My guess is that in October, when you learned of these retention contracts, you realized that the employees of the financial products unit needed some incentive to stay because, let's face it, who in their right mind would want to work in a department as screwed up as that one, and that the contracts, being both ethical and useful, should be left to stand. That and because we threatened to sue your silk suited behind from here to Wangdangistan and back again if you didn't.

You’ve now asked the current employees of A.I.G.-F.P. to repay these earnings. As you can imagine, there has been a tremendous amount of serious thought and heated discussion about how we should respond to this breach of trust. No, not the breach of trust between AIG and the American people, the breach of trust that you wouldn't keep dumping boat loads of cash on us even though we make the occupants of a clown car look like a MENSA meeting.

As most of us have done nothing wrong, guilt is not a motivation to surrender our earnings. Besides, in order to feel guilt you need a conscience and I don't see anything about needing a conscience in my job description. Greed and stunning myopia, sure, but guilt? Nada, zip, zilch.

Many of the employees have, in the past six months, turned down job offers from more stable employers such as Home Depot, Walmart and Bed Bath and Beyond, based on A.I.G.’s assurances that the contracts would be honored. They are now angry about having been misled by A.I.G.’s promises and are not inclined to return the money as a favor to you. Neener, neener, neener.

Some might argue that members of my profession have been overpaid, and I wouldn’t disagree, and the fact that we were paid with real money while earning imaginary money for our companies is, well, inconvenient for those investors who didn't see the difference, but hey, am I my stockholders keeper?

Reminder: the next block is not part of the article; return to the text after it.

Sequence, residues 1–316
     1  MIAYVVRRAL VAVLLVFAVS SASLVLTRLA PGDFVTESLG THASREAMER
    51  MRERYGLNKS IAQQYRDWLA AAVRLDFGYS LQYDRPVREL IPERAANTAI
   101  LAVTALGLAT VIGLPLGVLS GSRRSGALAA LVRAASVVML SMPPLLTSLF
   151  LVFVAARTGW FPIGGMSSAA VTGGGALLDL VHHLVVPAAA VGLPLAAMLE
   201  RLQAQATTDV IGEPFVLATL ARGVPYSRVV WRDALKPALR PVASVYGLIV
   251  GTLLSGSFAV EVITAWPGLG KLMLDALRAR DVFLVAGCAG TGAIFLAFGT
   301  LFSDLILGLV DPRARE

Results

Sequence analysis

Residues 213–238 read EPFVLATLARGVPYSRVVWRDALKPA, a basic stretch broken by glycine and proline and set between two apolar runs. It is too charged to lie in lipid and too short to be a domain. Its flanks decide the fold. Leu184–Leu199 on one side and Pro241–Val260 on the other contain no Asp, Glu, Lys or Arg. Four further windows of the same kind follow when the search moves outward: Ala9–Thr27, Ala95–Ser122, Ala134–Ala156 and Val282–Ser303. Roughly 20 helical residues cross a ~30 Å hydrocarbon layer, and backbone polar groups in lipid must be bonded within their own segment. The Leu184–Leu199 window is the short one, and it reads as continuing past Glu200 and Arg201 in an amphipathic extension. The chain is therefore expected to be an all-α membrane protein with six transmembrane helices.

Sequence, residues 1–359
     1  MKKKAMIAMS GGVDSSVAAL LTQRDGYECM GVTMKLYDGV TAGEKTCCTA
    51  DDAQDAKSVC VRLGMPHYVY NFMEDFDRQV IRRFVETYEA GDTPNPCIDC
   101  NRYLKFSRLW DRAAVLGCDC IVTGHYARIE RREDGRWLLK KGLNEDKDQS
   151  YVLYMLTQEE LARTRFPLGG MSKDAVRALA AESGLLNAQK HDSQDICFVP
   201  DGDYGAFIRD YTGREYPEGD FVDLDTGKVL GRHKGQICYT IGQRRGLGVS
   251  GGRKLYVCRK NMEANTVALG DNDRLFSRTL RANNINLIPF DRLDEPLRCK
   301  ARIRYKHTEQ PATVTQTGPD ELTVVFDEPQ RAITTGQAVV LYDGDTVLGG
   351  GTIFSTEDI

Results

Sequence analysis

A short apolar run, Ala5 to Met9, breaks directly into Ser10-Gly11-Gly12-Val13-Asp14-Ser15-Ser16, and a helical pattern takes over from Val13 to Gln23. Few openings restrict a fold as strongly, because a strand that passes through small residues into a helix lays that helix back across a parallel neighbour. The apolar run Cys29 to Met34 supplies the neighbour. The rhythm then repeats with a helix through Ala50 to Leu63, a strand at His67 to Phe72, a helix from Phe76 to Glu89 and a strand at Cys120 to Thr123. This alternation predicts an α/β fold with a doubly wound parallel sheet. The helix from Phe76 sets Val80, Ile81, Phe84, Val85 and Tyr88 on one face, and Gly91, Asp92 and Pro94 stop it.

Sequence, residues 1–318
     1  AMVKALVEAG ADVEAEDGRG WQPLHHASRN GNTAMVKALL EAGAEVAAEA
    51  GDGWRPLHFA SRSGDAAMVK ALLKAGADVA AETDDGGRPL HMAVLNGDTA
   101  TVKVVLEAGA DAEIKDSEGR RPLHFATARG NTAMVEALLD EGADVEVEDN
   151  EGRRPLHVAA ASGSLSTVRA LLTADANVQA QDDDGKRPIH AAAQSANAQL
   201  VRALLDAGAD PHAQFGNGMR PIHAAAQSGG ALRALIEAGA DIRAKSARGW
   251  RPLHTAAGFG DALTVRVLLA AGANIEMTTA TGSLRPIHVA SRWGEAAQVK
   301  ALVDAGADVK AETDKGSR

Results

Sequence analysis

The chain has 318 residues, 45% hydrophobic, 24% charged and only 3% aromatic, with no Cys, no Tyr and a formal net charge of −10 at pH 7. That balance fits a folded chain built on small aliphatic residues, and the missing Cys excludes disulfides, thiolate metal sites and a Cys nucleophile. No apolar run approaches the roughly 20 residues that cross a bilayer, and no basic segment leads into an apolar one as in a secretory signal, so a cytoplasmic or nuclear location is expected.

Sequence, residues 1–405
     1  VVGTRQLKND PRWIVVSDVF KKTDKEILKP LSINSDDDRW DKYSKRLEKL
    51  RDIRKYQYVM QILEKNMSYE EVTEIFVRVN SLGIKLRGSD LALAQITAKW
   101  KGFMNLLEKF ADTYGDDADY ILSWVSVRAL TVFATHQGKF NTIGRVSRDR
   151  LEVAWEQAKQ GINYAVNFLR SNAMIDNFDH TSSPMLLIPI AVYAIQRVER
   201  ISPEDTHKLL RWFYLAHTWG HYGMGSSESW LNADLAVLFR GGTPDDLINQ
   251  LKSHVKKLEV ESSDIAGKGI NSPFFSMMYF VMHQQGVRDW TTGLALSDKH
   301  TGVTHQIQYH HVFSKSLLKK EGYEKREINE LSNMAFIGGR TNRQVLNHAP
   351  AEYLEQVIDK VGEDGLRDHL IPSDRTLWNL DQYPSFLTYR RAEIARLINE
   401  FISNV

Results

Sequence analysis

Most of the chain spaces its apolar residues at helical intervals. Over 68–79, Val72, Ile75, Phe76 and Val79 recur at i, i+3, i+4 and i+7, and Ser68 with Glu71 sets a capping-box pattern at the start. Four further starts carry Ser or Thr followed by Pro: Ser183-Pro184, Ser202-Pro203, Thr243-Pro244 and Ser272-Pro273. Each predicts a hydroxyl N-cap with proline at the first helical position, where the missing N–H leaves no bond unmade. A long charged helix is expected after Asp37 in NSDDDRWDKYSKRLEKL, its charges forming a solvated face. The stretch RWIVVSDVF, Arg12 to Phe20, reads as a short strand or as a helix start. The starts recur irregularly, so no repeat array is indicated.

On March 16 I received a payment from A.I.G. amounting to $742,006.40, after taxes. In light of the uncertainty over the ultimate taxation and legal status of this payment, the actual amount I donate may be less —say $1.50. OK, $2.00. Come on, have you seen the price on golf ball markers? What? You think I'm going to mark my ball with a quarter or something? Come on, what am I? Middle management or something?

This choice is right for me. I wish others at A.I.G.-F.P. luck finding peace with their difficult decision, and only hope their judgment is not clouded by fear that they might have to work at a job where their performance is actually measured and evaluated.

I’ll continue over the short term to help make sure no balls are dropped, but after what’s happened this past week I can’t remain much longer because frankly, there aren't many balls left to be dropped. Now, if you'd just send someone over to show me how to work this elevator thingy. My personal assistant was laid off a couple of weeks ago.


Anonymous said...

So good!

Anonymous said...

What’s lost in the public outrage toward the AIG bonuses is that not every division of AIG was involved in these risky and complicated credit default swaps. In fact, there were many other profitable sections that were lead by extremely talented executives. If the public has any interest in getting back some of the TARP loans and stock options, their goal should be to do everything they can to keep these gifted executives from going elsewhere. Besides being a Bill of attainder and thus unconstitutional, the AIG bonus tax would drive away any hope the company had at making any kind of profit in the future